Exael, "Flowered Knife Shadows"

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This latest release from Students of Decay’s eclectic sister label comes from prolific and chameleonic Berlin-based producer Naema. On this solo release as Exael, Naema takes the project in an almost single-mindedly rhythm-driven direction that I would roughly categorize as stripped-down or deconstructed techno, but most of the beats are far too idiosyncratic and viscerally pummeling for that to feel quite right. There are also a handful of warmer, more ambient-adjacent pieces that are more in line with what I would expect from someone in the oft-compelling West Mineral Ltd./Experiences Ltd. milieu, as well as a dreamy closing piece that feels almost like hypnagogic pop. While the leftfield surprise of that last piece ("Reality’s Sweetheart") is the most immediately gratifying and memorable moment, the entire album is quite good and masterfully crafted, as Naema is impressively skilled at unleashing skittering and clattering futuristic beats so vibrant and textured that no further accompaniment is needed.

Soda Gong

As far as I know, Flowered Knife Shadows is not a concept album, but it nevertheless has an arc that would be completely appropriate for some kind of mechanized sci-fi dystopia narrative. That is not to say that it is dark, but it definitely starts off with jackhammering and precision-engineered percussion assaults that feel like they were created by a cyborg with a real knack for forward-thinking dance music. Then, as the album progresses, the songs start to gradually warm as hints of melody and hissing, crackling ambient textures subtly creep into the mix. In theory, it seems like the latter half of the album would appeal to me more, but early pieces like "Quikgel" and "Boneheaded" are explosive and relentless enough to win me over instantly ("Quikgel" in particular sounds like it was composed by a robot woodpecker with an amphetamine problem). Normally, beats that can be described as "manic" or "hypercaffeinated" tend to grate on me, but Naema is uniquely skilled at quickly and seamlessly evolving from "convulsive" or "obsessively looping" to "sophisticated polyrhythmic onslaught" within the span of a four-minute song. Of course, the more melodic pieces near the end of album are quite good as well, particularly the half-skittering/half-sublime "Anc," the hissing ambient dub of "Rotor," and the lushly melodic, blissed-out finale of "Reality’s Sweetheart" (which sounds like a hypnosis tape transformed into swooningly beautiful futuristic pop). Soda Gong is generally not the first label I turn to when I want to hear a total banger, but Flowered Knife Shadows is exactly that (except when it is something else that is similarly great).

Samples can be found here.

3959 Hits

Jacober, "Sketch for Winter X: Immortal Word"

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This latest installment in Geographic North's endearingly eclectic and unpredictable Sketch for Winter series comes from Dope Body drummer David Jacober, who returns to revisit the melodic marimba terrain of his previous tape for the label (2015's The Gray Man). This latest release is considerably more minimal and tropical-themed than its predecessor, however, as Jacober reduces his palette to little more than marimba, kick drum, and a very dub-influenced approach to production. It is an admittedly narrow niche, but it quite a delightful one and Immortal Word is a near-perfect winter album, as it almost makes me forget that it is winter altogether. While I had never considered throwing a hypnagogic beach party before today, any anxieties that I may have had about what the soundtrack should be are now definitively eradicated.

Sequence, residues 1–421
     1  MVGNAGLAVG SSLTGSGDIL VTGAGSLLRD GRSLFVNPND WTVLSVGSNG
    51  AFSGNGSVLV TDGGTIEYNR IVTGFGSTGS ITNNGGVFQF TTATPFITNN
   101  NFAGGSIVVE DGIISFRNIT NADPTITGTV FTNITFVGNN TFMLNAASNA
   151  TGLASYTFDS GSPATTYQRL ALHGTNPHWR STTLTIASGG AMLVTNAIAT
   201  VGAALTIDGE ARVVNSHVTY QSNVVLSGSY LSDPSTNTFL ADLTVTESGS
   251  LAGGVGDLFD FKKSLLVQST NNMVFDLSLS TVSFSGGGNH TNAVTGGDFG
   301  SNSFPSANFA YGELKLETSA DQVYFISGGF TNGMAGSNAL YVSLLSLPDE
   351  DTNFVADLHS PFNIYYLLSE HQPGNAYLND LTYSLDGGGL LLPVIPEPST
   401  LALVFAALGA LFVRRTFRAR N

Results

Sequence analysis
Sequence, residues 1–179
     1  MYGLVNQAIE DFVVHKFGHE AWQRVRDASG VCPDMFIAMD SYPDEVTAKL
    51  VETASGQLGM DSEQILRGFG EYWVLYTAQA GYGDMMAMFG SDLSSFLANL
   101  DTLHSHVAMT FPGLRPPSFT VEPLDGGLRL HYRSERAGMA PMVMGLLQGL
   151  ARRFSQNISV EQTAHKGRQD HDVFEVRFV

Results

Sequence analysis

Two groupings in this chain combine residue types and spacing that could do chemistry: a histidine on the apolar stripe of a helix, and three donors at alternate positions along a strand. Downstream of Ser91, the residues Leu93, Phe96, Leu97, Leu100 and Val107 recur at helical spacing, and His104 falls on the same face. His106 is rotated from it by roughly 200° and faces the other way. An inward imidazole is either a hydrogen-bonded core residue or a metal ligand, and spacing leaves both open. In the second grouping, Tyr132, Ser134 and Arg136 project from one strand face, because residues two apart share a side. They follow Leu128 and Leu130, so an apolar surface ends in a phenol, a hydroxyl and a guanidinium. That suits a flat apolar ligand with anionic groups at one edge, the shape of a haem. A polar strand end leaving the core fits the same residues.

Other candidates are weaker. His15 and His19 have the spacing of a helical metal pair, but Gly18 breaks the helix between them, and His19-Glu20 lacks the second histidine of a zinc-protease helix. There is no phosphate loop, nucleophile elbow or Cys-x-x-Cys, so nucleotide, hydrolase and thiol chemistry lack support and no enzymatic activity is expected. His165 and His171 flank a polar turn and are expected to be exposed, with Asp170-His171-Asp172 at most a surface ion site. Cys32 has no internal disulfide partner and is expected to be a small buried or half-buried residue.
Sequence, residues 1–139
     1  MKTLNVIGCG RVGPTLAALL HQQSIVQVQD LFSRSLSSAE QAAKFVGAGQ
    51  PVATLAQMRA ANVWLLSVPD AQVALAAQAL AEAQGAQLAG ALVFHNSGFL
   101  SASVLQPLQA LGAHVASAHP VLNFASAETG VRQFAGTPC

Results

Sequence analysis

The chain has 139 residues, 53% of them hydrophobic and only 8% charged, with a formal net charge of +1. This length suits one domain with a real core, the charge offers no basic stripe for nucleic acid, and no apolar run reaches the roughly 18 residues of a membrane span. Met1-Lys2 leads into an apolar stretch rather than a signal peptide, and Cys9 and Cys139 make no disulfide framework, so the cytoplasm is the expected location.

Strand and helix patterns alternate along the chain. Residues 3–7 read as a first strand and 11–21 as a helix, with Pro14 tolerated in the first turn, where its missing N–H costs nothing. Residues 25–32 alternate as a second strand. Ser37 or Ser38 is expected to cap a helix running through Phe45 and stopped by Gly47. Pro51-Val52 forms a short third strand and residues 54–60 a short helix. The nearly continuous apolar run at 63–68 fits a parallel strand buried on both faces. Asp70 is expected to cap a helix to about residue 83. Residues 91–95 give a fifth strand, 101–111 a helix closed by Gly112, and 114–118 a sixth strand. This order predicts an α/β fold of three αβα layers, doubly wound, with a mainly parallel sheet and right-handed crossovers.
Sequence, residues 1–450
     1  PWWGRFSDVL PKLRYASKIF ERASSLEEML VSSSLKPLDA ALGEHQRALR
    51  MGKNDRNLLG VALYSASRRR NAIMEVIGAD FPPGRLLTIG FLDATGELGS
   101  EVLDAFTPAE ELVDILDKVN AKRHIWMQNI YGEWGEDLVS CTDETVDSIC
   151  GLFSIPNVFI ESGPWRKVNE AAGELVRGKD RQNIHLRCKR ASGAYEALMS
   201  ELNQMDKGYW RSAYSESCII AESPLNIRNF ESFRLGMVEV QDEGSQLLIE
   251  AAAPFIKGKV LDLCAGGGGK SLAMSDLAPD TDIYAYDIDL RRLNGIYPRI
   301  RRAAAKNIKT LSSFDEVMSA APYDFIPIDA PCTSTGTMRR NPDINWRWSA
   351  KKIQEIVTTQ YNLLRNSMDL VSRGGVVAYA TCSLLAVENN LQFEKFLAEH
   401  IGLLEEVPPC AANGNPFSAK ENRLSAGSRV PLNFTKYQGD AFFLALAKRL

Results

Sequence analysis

Geographic North

I proudly stand behind "tropical beach party" as a solid summation of Immortal Word's general ambiance, but Jacober conjures an impressive variety of emotional shadings within that overarching mood. In fact, only the brief Hawaiian-tinged "Flashbacking" can be said to take a particularly straightforward approach to evoking moonlit beachside bliss. Admittedly, it is one of my favorite pieces of the lot, but I appreciate that Jacober nimbly avoids predictability or lapsing into kitsch. As befits his background in noise-damaged and aggressive music, there is a subtle darkness and sense of unreality that imbues many of these songs with legitimate depth and poignancy. In fact, most of this tape more closely resembles an exotica album for ghosts, as everything is elegantly blurred and slowed and leaves a rippling dreamlike haze in its wake. Moreover, Jacober has an appealingly sophisticated harmonic sensibility, avoiding obvious chord progressions in favor of something far more spectral and bittersweet. The stronger pieces tend to fall on the album's first half where the shadowy beachside reveries are enlivened with a propulsive thump, but the closing "Universal Sign" offers a glimpse of something more transcendent, vividly casting a haunting and sublime spell that calls to mind a hallucinatory midnight grotto of dark, swaying palms and slow-motion breaking waves. I could probably listen to that piece in an infinite loop for hours, so I suppose that makes it the album highlight, but nearly every single song on this brief release is cool as hell.

Samples can be found here.

3614 Hits

Mouse on Mars, "AAI"